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Anxious attachment style and salivary cortisol dysregulation in healthy female children and adolescents

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Attachment style has been linked with basal cortisol secretion in healthy adult women. We investigated whether dysregulation in basal cortisol secretion may be evident in younger healthy females. Methods: 

Sixty healthy females aged 9–18 years (mean 14.16, SD ± 2.63 years) participated in the Attachment Style Interview (ASI). Eight saliva samples, synchronised to awakening, were collected per day on two consecutive weekdays to examine the cortisol awakening response (CAR) and the subsequent diurnal decline. Results:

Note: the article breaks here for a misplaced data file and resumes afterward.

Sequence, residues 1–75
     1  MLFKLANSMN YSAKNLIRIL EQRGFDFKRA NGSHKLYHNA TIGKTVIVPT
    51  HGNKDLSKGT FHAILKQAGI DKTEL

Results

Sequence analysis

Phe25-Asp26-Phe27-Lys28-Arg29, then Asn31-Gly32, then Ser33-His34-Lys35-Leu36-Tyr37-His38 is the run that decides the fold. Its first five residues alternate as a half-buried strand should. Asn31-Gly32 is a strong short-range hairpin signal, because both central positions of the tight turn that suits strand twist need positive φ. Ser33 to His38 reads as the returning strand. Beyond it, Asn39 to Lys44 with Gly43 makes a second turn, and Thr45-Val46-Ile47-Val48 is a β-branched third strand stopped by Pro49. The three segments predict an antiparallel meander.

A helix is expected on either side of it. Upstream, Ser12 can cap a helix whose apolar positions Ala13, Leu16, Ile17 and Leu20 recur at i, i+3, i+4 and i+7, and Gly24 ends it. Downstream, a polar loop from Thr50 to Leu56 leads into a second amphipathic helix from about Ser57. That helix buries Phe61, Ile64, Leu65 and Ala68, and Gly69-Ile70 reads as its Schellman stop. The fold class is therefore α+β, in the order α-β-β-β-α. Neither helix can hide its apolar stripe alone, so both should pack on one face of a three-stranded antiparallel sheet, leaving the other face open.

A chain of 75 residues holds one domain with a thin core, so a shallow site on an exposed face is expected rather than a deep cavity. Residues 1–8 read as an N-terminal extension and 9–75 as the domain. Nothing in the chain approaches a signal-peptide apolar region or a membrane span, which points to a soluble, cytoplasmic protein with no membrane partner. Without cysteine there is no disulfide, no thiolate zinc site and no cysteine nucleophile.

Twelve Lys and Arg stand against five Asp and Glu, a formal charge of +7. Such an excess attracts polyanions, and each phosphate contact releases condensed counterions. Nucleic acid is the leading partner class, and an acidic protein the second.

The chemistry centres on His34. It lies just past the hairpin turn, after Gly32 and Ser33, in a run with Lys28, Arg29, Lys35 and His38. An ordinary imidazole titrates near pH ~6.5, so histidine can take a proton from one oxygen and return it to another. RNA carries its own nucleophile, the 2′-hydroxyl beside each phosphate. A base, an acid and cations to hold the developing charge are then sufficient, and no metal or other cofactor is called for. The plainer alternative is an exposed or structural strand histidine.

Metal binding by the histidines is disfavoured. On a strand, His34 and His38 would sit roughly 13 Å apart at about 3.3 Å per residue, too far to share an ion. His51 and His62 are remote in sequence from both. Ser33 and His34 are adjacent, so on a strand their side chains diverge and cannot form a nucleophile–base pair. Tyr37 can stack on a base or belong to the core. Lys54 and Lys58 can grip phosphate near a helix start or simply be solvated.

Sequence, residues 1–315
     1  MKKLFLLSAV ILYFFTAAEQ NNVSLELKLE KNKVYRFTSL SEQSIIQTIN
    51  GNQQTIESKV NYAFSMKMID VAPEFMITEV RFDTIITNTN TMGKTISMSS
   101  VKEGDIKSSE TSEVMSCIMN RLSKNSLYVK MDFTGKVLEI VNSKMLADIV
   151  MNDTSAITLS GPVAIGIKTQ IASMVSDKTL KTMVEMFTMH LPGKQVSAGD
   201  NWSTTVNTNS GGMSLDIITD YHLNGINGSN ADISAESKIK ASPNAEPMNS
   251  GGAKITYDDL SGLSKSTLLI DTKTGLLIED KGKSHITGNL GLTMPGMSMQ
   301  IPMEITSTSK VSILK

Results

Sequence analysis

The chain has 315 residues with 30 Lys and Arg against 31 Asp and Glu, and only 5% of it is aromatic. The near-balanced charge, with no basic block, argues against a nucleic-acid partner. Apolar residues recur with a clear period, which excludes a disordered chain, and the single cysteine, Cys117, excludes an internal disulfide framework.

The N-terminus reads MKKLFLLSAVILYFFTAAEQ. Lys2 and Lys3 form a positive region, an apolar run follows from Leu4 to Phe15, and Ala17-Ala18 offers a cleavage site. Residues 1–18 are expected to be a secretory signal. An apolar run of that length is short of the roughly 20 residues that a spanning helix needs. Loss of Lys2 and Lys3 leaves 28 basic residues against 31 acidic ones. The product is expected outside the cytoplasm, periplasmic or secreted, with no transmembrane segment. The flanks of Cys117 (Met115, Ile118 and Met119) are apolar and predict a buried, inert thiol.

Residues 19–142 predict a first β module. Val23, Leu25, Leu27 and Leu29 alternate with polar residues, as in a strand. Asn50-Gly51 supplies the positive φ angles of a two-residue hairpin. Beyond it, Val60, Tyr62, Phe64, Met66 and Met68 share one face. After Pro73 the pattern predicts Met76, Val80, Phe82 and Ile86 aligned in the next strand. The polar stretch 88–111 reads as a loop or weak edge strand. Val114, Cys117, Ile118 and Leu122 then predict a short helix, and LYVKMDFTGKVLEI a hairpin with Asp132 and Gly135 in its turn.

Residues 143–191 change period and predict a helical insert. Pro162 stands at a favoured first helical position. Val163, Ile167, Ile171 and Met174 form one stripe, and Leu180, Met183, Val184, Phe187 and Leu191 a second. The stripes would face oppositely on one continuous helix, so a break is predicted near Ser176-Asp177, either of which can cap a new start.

Participants exhibiting an anxious attachment style had higher cortisol levels on awakening, in contrast to those who were securely attached. The anxious insecure group also showed an attenuated CAR compared to all other participants. Attachment style groups did not differ in cortisol secretion over the remainder of the day. Conclusions: 

These findings indicate that the same pattern of cortisol dysregulation associated with disorder in adulthood manifests as a function of anxious (but not avoidant) insecure attachment style in females during healthy childhood and adolescence.
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Keywords: Adolescence; CAR; HPA axis; attachment; cortisol

Document Type: Research Article

Affiliations: 1: Department of Psychology, University of Westminster, London, UK 2: Department of Human and Health Sciences, University of Westminster, London, UK

Publication date: February 1, 2011

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